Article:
How a sandwich franchise ousted McDonald's

"Our restaurants aren't company-owned: they're franchise-owned. We've attracted entrepreneurs who've enjoyed taking control of their own destiny."

The Guardian
March 10, 2011

How a sandwich franchise ousted McDonald's
Limited seating, dreary lighting, a lot of sarnies – how Subway became the leading fast-food chain
Patrick Kingsley


Patrick Kingsley gets stuck into his 1,000-calorie lunch. Photograph: Sarah Lee for the Guardian

I feel like I've stuffed my stomach with a pork-flavoured duvet. I am at Subway in Camden high street, north London, and I have just shovelled down a foot-long sandwich called a Meatball Marinara. It is enormous. Laced with some sort of red sauce, the Marinara is filled with chunks of mince and slices of melted cheese – and wrapped in a baguette that disintegrates in your hands. My belly is throbbing like a highly charged cattle prod.

My experience is clearly not being shared by the public at large, though. The cashier in Camden tells me the Marinara is the shop's second-most popular sarnie, after the BMT (Biggest, Meatiest, Tastiest, which is filled with pepperoni, salami and ham). This week, it was announced that Subway has overtaken McDonald's as the largest fast-food chain on the planet. The sandwich company has 33,749 restaurants to the burger giant's 32,737, a lead of more than a thousand. In the UK, it's a similar picture: not only was Subway the country's most successful sandwich seller in 2010, but the company has more stores on these shores – 1,350 – than any of its fast-food rivals, including McDonald's.

In 2000, the chain only had 25 outlets in Britain – so how, and why, did Subway so quickly rein in McDonald's, for so long the symbol of global capitalism? One answer is a change in its business strategy. For many years, Subway focused its efforts on north America – where it was founded in 1965 by then high-school student Fred DeLuca, who had no background in fast food, but who wanted to raise money for college. This all changed in the last decade, when Subway realised it was missing out on a huge international market. "A population of 60 million indicates there are many [British] consumers who have not yet tried their first Subway sandwich," DeLuca ominously told the Guardian in 2005 – a situation I imagine he hopes has almost been rectified.

Subway's success is also down to the way its low-cost franchise model has proved attractive to local investors. "That's a huge part of the secret," says Trevor Haynes, who, as area development manager, heads up Subway's UK operations. "Our restaurants aren't company-owned: they're franchise-owned. We've attracted entrepreneurs who've enjoyed taking control of their own destiny." Though all Subways must be laid out the same (with limited seating and gloomy lighting, it appears), the franchise-owner has full control of their outlet's recruitment strategies, local promotions and opening hours.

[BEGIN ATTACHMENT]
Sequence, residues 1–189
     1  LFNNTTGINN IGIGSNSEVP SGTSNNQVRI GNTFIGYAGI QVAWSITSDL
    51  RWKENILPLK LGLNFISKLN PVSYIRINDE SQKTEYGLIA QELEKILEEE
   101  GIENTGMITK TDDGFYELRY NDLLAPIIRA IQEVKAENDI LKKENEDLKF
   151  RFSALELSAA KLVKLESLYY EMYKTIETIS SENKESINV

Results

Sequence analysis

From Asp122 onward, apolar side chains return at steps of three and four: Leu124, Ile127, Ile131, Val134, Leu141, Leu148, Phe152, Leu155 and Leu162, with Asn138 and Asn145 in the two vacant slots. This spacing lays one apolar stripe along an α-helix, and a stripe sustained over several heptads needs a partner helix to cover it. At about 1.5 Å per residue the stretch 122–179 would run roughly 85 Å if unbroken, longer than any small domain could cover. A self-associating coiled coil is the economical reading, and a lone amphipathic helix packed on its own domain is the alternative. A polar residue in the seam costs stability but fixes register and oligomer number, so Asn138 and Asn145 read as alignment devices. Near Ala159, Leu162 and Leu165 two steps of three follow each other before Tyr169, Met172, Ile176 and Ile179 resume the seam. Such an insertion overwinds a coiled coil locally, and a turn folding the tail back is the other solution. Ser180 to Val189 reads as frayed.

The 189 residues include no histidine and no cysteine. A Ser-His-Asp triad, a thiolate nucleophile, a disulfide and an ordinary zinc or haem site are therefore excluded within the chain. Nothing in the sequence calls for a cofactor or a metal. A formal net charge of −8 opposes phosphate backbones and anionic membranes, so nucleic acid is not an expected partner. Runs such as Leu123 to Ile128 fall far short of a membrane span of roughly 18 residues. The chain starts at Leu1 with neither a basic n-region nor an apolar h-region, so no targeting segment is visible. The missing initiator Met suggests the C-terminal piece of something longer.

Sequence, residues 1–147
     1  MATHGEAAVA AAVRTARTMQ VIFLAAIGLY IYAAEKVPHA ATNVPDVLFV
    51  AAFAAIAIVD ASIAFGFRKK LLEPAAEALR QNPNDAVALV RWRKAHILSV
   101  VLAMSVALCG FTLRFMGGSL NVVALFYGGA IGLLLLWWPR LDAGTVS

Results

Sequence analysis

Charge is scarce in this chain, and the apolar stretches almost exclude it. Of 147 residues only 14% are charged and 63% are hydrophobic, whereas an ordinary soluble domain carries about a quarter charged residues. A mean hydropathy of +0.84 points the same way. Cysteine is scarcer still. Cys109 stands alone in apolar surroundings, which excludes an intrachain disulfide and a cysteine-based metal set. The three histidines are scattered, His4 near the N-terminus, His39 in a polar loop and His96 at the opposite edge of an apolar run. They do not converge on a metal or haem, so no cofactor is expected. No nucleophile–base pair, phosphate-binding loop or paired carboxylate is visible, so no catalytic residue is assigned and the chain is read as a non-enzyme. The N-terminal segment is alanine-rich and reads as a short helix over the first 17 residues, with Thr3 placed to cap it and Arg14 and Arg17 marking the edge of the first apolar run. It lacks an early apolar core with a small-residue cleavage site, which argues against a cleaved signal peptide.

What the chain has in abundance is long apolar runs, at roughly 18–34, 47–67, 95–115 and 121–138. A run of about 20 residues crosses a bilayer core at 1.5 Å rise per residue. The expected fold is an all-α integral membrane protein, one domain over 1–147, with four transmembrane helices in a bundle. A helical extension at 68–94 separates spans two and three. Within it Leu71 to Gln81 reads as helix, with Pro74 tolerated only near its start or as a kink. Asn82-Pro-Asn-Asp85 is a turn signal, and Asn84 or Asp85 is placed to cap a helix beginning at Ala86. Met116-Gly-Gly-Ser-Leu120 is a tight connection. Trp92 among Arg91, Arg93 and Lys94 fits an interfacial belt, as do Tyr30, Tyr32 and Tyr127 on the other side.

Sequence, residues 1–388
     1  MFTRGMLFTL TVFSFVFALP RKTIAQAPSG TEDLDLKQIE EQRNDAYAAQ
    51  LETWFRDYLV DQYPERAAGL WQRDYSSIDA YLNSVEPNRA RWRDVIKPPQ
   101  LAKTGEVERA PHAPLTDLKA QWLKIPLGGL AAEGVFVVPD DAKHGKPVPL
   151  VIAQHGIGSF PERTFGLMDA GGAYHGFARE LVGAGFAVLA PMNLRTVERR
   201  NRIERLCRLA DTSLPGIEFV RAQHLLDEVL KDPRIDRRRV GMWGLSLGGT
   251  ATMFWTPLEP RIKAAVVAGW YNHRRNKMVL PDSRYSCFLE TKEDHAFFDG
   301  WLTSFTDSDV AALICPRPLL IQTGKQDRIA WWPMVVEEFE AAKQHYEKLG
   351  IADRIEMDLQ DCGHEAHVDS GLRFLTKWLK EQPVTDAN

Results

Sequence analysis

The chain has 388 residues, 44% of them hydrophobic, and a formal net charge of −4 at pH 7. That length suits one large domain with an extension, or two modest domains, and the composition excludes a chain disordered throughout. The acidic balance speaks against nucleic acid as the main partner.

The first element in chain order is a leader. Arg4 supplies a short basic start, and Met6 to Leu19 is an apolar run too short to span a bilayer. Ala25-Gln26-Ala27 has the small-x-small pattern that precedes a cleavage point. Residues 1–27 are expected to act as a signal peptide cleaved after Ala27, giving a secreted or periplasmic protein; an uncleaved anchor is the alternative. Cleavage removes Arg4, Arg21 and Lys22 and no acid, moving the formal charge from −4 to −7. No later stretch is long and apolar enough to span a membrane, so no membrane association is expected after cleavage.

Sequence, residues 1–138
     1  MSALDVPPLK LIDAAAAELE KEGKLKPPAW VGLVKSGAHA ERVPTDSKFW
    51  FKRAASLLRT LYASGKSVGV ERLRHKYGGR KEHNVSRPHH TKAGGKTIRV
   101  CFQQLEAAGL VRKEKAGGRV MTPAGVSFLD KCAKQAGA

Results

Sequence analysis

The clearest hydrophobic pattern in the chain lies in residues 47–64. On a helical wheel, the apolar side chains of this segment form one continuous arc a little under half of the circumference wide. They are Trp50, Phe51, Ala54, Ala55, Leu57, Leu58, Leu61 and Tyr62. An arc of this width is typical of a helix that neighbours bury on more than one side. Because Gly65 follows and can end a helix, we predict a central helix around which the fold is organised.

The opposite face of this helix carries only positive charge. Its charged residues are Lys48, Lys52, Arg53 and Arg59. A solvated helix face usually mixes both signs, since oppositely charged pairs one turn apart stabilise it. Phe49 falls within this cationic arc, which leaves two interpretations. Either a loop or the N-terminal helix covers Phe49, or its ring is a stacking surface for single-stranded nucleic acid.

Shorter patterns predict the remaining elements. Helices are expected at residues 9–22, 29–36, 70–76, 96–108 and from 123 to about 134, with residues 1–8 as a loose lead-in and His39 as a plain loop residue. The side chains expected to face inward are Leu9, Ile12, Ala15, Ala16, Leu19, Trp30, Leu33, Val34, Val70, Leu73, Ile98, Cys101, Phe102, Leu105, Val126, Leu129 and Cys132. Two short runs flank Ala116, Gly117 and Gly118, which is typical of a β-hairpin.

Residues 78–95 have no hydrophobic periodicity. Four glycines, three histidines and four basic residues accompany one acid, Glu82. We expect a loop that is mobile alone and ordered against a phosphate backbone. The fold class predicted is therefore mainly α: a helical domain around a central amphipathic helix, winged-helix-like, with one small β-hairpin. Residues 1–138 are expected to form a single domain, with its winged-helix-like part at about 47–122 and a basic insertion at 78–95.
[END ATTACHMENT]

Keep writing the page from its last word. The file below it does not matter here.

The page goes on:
For the punters in the street, Subway's appeal is three-fold. First, it's inexpensive. "It's a bigger option than Pret, and it's a lot cheaper," says Tom, 23, a publisher who works locally. "I come here for the sub of the day, it's just £2.29." For Wayne, 20, who works in a pet shop, Subway's draw is in the variety it offers to customers. "There's so much on offer," he tells me – and he'd be right. You have a choice of four breads, and scores of different meats, cheeses, sauces and salads. "I think if you worked out all the total combinations," claims Haynes, "there's a couple of million of them." James, 19, Wayne's reticent friend, has a third reason to eat at the chain: "Other [fast-food] places don't sell sandwiches, so it's much healthier."

Subway is often seen as the healthy fast-food chain because its primary product, the sandwich, seems so much more virtuous than a burger – and perhaps Subway itself, with its slogan "Eat Fresh", likes to play up that perception. But it's a bit of a moot point. "You think it's a healthier option," says Tom. "But what is 'healthy'?" Perhaps not his six-inch Meatball Marinara, which contains more than 500 calories and 11 grams of saturated fat – more than half of his recommended daily intake. Which means my own foot-long Marinara, twice the size, has presumably endowed me with more than 1,000 calories.

But, Haynes argues, at least this nutritional information is listed on the counter, and, besides, much of what Subway sells is genuinely low-fat. The Veggie Delite Salad and the Turkey Breast Wrap contain little in the way of calories or saturated fat. It was partly through eating meals like these that obese American student Jared Fogle famously lost 245 pounds in the late 90s, on a crash diet that saw him become the face of Subway advertising. He survived on a daily diet of coffee for breakfast, a six-inch turkey sub for lunch, and a foot-long veggie sub for dinner. "If you've not been behaving, you can eat something very, very healthy like a salad," says Haynes. "Or if you want to treat yourself, you can have something with triple cheese."

Helen Riley, a nutritional scientist from the British Nutritional Foundation, agrees, to a point. "Foods produced by any fast-food chain that are high in fat or sugar should just be eaten occasionally," says Riley. "They certainly shouldn't be eaten every day." With my stomach still churning the morning after the foot-long Meatball Marinara, I would certainly agree.

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